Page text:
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Alcohol intake and breast cancer in the European prospective investigation into cancer and nutrition

Romieu, Isabelle; Scoccianti, Chiara; Chajes, Veronique; de Batlle, Jordi; Biessy, Carine; Dossus, Laure; Baglietto, Laura; Clavel-Chapelon, Francoise; Overvad, Kim and Olsen, Anja, et al. (2015) In International Journal of Cancer 137(8). p.1921-1930
Abstract
Alcohol intake has been associated to breast cancer in pre and postmenopausal women; however results are inconclusive regarding tumor hormonal receptor status, and potential modifying factors like age at start drinking. Therefore, we investigated the relation between alcohol intake and the risk of breast cancer using prospective observational data from the European Prospective Investigation into Cancer and Nutrition (EPIC). Up to 334,850 women, aged 35-70 years at baseline, were recruited in ten European countries and followed up an average of 11 years. Alcohol intake at baseline and average lifetime alcohol intake were calculated from country-specific dietary and lifestyle questionnaires. The study outcomes were the Hazard ratios (HR) of... (More)
Alcohol intake has been associated to breast cancer in pre and postmenopausal women; however results are inconclusive regarding tumor hormonal receptor status, and potential modifying factors like age at start drinking. Therefore, we investigated the relation between alcohol intake and the risk of breast cancer using prospective observational data from the European Prospective Investigation into Cancer and Nutrition (EPIC). Up to 334,850 women, aged 35-70 years at baseline, were recruited in ten European countries and followed up an average of 11 years. Alcohol intake at baseline and average lifetime alcohol intake were calculated from country-specific dietary and lifestyle questionnaires. The study outcomes were the Hazard ratios (HR) of developing breast cancer according to hormonal receptor status. During 3,670,439 person-years, 11,576 incident breast cancer cases were diagnosed. Alcohol intake was significantly related to breast cancer risk, for each 10 g/day increase in alcohol intake the HR increased by 4.2% (95% CI: 2.7-5.8%). Taking 0 to 5 g/day as reference, alcohol intake of >5 to 15 g/day was related to a 5.9% increase in breast cancer risk (95% CI: 1-11%). Significant increasing trends were observed between alcohol intake and ER+/PR+, ER-/PR-, HER2- and ER-/PR-HER2- tumors. Breast cancer risk was stronger among women who started drinking prior to first full-time pregnancy. Overall, our results confirm the association between alcohol intake and both hormone receptor positive and hormone receptor negative breast tumors, suggesting that timing of exposure to alcohol drinking may affect the risk. Therefore, women should be advised to control their alcohol consumption. What's new? Although it is now established that alcohol consumption increases breast cancer risk, many questions remain. Using a prospective study design with 11,576 incident breast cancer cases across 10 European countries, the authors confirmed the increased risk of alcohol on breast cancer development. They further show that women who started drinking before their first full-term pregnancy have a higher risk than women who started afterwards. These effects were observed in hormone-receptor positive and -negative tumors pointing to non-hormonal pathways that need to be further investigated. (Less)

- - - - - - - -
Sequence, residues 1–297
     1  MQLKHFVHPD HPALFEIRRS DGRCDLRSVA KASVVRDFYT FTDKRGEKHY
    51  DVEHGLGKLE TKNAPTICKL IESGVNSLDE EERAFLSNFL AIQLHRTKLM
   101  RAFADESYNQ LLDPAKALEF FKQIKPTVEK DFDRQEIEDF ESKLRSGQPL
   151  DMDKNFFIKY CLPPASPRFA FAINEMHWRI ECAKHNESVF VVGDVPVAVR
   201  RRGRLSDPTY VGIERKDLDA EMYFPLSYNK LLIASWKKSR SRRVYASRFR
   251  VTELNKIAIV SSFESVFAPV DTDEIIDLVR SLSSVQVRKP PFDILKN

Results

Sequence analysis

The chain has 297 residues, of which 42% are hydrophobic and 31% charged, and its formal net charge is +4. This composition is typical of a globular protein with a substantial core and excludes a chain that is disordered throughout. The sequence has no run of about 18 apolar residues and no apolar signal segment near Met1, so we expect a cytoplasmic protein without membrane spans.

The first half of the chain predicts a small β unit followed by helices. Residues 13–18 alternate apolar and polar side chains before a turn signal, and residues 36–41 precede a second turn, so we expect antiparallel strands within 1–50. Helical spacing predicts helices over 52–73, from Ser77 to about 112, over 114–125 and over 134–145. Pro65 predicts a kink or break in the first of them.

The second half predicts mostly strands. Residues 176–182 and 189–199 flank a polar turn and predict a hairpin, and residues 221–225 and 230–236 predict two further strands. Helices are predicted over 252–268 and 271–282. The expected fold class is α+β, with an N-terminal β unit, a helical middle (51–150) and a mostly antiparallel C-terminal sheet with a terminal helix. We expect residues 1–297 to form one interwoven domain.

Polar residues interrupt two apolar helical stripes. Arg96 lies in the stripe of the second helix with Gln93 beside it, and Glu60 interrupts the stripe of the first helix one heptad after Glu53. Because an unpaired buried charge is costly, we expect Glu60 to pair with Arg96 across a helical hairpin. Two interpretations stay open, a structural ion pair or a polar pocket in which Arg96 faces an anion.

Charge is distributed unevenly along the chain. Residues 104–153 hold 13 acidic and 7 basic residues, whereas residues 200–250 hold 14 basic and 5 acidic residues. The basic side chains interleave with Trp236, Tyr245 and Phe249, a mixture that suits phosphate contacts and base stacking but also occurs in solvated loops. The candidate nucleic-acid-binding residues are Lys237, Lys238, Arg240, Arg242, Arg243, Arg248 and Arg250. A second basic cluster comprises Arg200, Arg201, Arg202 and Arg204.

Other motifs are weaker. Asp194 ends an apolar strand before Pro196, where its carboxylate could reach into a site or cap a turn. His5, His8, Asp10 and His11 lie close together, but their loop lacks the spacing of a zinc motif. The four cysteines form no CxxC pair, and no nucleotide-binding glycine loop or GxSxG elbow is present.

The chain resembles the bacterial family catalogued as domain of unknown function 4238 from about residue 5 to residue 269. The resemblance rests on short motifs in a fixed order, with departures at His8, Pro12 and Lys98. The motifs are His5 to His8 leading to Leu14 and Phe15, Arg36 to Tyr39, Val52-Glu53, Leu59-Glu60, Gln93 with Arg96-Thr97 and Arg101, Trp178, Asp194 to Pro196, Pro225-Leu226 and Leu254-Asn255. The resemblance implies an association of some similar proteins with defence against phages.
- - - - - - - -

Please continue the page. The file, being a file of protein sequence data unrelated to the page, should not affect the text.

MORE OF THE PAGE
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keywords
prospective study, breast cancer, alcohol consumption
in
International Journal of Cancer
volume
137
issue
8
pages
1921 - 1930
publisher
John Wiley & Sons
external identifiers
  • wos:000359350600019
  • scopus:84938924341
ISSN
0020-7136
DOI
10.1002/ijc.29469
language
English
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yes
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a0affa47-1f2c-498b-a6d8-387cb66b9895 (old id 7972427)